Wastes from Oil & Gas Fields in Shale Formations

$27.00

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Description

The development of shale gas and oil resources is producing major shifts in the U.S. and global energy picture. Within the Appalachian Basin, the Marcellus shale has an estimated 84 trillion cubic feet of available gas reserves the underlying Utica is thought to hold 38 trillion cubic feet of gas and 940 million barrels of oil. As development continues, the associated drilling and operation waste streams, recyclables, and material reuses are being defined. Mr. Ballod will discuss the development of the Appalachian Basin shale gas, with a focus on the waste and recycling materials in the Commonwealth of Pennsylvania. The course will offer a professional engineer’s perspective on shale gas waste management and provide updates on current waste management practices and leading issues, including the use of underground injection as a method of wastewater disposal.

Upon completion of this course, the attendee will be able to:

  • Demonstrate the importance of Shale Formation Gas and Oil as an energy source
  • Discuss the various waste, Recyclables and Material reuses developed from the extensive drilling and production operations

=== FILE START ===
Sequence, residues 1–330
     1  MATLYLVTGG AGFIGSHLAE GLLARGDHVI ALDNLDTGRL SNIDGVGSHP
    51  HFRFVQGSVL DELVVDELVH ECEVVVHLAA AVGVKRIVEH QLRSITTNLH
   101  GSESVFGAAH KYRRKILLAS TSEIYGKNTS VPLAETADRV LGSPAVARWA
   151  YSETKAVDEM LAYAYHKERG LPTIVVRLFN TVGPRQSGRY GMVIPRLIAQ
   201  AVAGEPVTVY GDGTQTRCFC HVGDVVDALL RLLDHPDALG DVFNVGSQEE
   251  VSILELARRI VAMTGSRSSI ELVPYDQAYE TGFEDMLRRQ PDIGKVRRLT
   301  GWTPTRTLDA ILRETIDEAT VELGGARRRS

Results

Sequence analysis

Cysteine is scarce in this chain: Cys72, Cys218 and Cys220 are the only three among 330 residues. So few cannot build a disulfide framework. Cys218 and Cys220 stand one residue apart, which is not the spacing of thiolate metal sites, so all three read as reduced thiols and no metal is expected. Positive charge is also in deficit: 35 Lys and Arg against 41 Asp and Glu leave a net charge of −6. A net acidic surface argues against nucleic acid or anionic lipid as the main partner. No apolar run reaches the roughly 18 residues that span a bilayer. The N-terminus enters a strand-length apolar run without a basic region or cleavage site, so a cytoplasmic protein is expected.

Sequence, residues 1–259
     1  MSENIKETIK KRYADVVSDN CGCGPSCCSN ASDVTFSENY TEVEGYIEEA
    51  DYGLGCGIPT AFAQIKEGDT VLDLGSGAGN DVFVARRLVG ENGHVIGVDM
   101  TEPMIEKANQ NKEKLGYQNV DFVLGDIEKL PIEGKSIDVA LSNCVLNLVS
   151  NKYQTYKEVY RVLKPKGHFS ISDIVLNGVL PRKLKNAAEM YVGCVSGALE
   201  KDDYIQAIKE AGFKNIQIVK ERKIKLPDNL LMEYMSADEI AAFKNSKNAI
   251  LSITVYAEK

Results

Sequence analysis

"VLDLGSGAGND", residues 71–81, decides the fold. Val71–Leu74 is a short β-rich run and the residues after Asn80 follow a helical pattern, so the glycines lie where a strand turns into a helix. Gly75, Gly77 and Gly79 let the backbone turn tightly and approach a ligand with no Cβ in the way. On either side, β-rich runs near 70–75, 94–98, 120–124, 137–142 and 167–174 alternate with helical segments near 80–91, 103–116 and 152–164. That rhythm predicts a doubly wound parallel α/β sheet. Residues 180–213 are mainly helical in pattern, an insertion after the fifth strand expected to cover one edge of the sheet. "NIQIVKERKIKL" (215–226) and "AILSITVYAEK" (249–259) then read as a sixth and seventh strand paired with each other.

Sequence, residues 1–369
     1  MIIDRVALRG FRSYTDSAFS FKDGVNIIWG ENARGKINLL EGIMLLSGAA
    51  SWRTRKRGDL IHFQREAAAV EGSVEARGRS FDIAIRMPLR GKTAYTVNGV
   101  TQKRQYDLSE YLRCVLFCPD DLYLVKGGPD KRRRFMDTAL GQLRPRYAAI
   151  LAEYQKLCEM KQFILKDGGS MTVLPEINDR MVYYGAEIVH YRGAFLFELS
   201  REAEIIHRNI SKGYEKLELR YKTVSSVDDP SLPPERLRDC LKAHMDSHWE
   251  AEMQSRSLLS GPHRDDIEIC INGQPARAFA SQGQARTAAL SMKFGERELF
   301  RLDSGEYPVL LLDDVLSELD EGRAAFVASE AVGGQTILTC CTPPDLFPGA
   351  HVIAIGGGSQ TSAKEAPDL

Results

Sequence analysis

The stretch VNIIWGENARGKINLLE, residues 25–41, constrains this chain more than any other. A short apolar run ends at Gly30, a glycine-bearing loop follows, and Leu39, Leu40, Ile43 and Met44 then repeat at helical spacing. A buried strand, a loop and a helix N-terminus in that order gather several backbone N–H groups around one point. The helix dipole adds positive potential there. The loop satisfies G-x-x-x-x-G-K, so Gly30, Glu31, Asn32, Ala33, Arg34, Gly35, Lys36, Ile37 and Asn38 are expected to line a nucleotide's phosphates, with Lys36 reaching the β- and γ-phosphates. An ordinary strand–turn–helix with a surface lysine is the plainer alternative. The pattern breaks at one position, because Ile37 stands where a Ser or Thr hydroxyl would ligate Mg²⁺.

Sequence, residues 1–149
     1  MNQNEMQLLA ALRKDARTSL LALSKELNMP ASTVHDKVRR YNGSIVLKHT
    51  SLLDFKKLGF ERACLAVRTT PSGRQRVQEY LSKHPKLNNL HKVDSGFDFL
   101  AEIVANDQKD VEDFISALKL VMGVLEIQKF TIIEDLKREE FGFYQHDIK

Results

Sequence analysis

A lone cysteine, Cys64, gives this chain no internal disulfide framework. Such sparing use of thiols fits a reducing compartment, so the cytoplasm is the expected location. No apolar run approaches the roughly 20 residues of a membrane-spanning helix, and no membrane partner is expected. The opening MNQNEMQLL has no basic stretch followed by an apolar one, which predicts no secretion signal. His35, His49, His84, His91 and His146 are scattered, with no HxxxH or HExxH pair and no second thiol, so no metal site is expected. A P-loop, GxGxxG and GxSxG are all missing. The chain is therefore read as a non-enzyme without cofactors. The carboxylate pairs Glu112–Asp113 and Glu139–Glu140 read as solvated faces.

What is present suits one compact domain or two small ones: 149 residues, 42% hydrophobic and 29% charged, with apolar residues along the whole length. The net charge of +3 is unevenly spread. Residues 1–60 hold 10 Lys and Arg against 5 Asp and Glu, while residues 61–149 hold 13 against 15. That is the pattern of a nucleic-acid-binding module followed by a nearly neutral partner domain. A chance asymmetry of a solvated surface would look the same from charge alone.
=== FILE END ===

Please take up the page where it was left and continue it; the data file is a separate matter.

• Create a concise Waste Management Program
  • Define the latest disposal developments including Underground Injection Control (UIC)

Course Length

48 minutes

Presenter Biography

CHARLES P. BALLOD, P.E. is a veteran solid waste registered professional engineer with Golder Associates, Inc. working as a Practice Leader with Golder’s Philadelphia, Pennsylvania Operation, Waste Services Group in their Conshohocken, PA office. He is a graduate of the Pennsylvania State University with a B.S. in Civil Engineering and has over 37 years of professional experience and has many accomplishments in the field of Civil Engineering. Currently, he has provided a focus on the waste concerns of the unconventional shale gas industry which is now providing natural gas and oil from deep hydrocarbon bearing shale rock formations. Unconventional gas is a new energy source for the United States and the world. It has been made possible in part by the inception of deep earth directional drilling and a process known as hydro-fracing. The industry has presented a new energy boom, especially to the Mid-Atlantic or Appalachian states with the Marcellus and Utica Gas plays, both of which are centered in the Commonwealth of Pennsylvania. P.E. License numbers 24GE02836900 (New Jersey), 8150 (Delaware), 17510 (Maryland), 059688 (New York), 010796 (West Virginia), 47446 (Ohio), PE030406E (Pennsylvania), 08473 (New Hampshire).

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